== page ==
CES 2019: BlackBerry Secure feature packs aspire to give trusted security to 'all smart things'

BlackBerry announced three secure feature packs that will provide companies with trusted software and a proven certification framework to build secure smart products.

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BlackBerry's transition to a security and services-based business took another step forward on Monday, with the unveiling of its new BlackBerry Secure feature packs that it said will make it easier for companies to bring safe and secure Internet of Things (IoT) devices to market.

The company touted its Secure feature packs as providing trusted software and a proven certification framework for companies to securely build smart products -- including health trackers and Alexa-enabled speakers -- so they do not need to develop in-house technology and deep cybersecurity expertise.

BlackBerry will review the device before it is certified as BlackBerry Secure. 

Read: Why BlackBerry should change its name | CNET: BlackBerry wants to make the internet of things safe for you

Blackberry senior vice president and general manager of Mobility Solutions Alex Thurber said that consumers in 2019 will increasingly begin to prioritise products that promise a higher level of security and data privacy.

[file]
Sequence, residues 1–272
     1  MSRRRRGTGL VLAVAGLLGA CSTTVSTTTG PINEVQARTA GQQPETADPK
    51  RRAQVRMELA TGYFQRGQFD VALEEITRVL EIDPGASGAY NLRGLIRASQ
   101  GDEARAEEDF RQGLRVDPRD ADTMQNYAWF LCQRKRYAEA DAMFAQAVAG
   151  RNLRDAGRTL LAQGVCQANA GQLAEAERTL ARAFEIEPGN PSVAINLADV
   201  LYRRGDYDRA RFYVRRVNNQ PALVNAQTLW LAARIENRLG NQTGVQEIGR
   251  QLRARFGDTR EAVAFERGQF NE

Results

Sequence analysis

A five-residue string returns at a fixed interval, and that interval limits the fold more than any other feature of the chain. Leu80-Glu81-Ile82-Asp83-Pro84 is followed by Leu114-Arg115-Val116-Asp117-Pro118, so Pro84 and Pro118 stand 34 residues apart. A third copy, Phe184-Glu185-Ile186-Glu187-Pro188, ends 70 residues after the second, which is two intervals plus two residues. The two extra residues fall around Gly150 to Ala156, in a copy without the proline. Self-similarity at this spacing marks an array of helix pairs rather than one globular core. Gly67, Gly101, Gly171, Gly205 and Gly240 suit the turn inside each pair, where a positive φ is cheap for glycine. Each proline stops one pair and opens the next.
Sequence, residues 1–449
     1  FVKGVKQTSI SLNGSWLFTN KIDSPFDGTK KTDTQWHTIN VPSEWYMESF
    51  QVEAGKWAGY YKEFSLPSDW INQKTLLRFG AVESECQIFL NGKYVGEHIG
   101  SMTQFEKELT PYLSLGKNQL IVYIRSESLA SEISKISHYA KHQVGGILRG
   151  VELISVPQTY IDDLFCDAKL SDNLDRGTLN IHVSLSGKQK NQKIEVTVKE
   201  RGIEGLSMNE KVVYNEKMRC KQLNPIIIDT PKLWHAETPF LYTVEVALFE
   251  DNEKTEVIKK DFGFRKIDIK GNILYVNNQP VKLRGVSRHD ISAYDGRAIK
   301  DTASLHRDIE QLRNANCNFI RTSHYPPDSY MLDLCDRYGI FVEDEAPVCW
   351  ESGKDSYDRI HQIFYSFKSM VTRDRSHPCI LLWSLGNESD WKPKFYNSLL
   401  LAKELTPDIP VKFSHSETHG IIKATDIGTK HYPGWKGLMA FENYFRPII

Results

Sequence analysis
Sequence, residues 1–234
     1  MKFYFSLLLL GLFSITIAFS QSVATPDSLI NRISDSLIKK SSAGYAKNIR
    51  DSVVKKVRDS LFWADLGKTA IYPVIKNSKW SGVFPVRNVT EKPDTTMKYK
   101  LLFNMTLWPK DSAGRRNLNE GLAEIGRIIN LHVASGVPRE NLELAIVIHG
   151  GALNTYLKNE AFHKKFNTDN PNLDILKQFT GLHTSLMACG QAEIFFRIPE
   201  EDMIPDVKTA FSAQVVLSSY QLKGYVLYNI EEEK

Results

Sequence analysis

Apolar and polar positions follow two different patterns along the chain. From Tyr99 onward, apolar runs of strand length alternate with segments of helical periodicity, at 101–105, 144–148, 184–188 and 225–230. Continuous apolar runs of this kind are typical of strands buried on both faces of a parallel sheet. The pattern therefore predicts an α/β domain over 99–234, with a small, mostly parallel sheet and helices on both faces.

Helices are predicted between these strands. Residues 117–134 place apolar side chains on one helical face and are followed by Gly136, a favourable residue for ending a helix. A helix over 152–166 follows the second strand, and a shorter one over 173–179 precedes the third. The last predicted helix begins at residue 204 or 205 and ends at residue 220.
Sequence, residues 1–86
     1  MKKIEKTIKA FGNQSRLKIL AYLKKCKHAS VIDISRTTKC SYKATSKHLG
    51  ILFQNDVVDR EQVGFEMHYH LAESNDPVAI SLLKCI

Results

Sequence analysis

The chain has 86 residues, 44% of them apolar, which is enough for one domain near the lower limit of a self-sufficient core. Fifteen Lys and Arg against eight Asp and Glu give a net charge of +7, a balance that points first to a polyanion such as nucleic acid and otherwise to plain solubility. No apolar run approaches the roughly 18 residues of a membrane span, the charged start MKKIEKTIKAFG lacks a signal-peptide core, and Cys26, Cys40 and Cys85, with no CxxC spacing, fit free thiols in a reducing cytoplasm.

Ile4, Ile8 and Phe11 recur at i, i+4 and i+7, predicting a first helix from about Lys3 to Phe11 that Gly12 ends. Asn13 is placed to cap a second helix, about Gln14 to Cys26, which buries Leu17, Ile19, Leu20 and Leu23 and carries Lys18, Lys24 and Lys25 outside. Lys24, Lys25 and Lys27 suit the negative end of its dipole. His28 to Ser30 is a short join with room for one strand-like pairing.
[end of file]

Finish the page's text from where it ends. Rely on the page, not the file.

"IoT device manufacturers can address security and privacy concerns head-on and stand out in the cluttered IoT space by bringing to market ultra-secure products that consumers, retailers, and enterprises want to buy and use," Thurber added.

"This new service is a pivotal point in the company's software licensing strategy and underscores BlackBerry's evolution from providing the most secure smartphones to delivering the trusted security for all smart 'things'."

There are three types of BlackBerry Secure feature packs available for OEMS, which provide various levels of management and control, according to BlackBerry.

The first is the Enablement Feature Pack which offers a manufacturing station that provides a hardware Root of Trust and is connected to the BlackBerry's network operation centre. During manufacturing, a BlackBerry Secure Identity Service Key is injected into the hardware and recorded on a secure server. Both at launch and periodically throughout the product's lifecycle, checks are performed to verify that the two keys match. If they do not, the device no longer boots.  


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The second is the Foundations Feature Pack which BlackBerry said allows for encryption keys to be generated, used, and stored for various software operations. It also generates real-time health reports that can be accessed by users and trusted third-party applications.  

Finally, Blackberry is also releasing its Secure Enterprise Feature Pack, aimed at devices that will be used in regulated or restricted environments.

BlackBerry's shift to IoT and enterprise software has been paying off, with the company's software and services department experiencing eight to 10 percent growth in Q3 of 2018 from the year prior.

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